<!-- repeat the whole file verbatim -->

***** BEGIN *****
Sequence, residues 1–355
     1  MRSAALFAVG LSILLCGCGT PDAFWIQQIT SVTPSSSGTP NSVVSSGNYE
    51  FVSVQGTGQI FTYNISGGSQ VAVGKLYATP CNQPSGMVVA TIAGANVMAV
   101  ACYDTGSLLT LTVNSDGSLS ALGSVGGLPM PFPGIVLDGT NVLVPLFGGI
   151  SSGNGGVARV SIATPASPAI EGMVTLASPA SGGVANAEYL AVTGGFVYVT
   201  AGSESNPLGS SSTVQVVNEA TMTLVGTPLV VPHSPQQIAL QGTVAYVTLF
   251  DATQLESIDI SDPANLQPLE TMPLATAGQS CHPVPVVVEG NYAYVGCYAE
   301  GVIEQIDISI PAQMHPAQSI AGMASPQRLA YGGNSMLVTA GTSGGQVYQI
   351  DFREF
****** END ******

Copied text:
Sequence, residues 1–355
     1  MRSAALFAVG LSILLCGCGT PDAFWIQQIT SVTPSSSGTP NSVVSSGNYE
    51  FVSVQGTGQI FTYNISGGSQ VAVGKLYATP CNQPSGMVVA TIAGANVMAV
   101  ACYDTGSLLT LTVNSDGSLS ALGSVGGLPM PFPGIVLDGT NVLVPLFGGI
   151  SSGNGGVARV SIATPASPAI EGMVTLASPA SGGVANAEYL AVTGGFVYVT
   201  AGSESNPLGS SSTVQVVNEA TMTLVGTPLV VPHSPQQIAL QGTVAYVTLF
   251  DATQLESIDI SDPANLQPLE TMPLATAGQS CHPVPVVVEG NYAYVGCYAE
   301  GVIEQIDISI PAQMHPAQSI AGMASPQRLA YGGNSMLVTA GTSGGQVYQI
   351  DFREF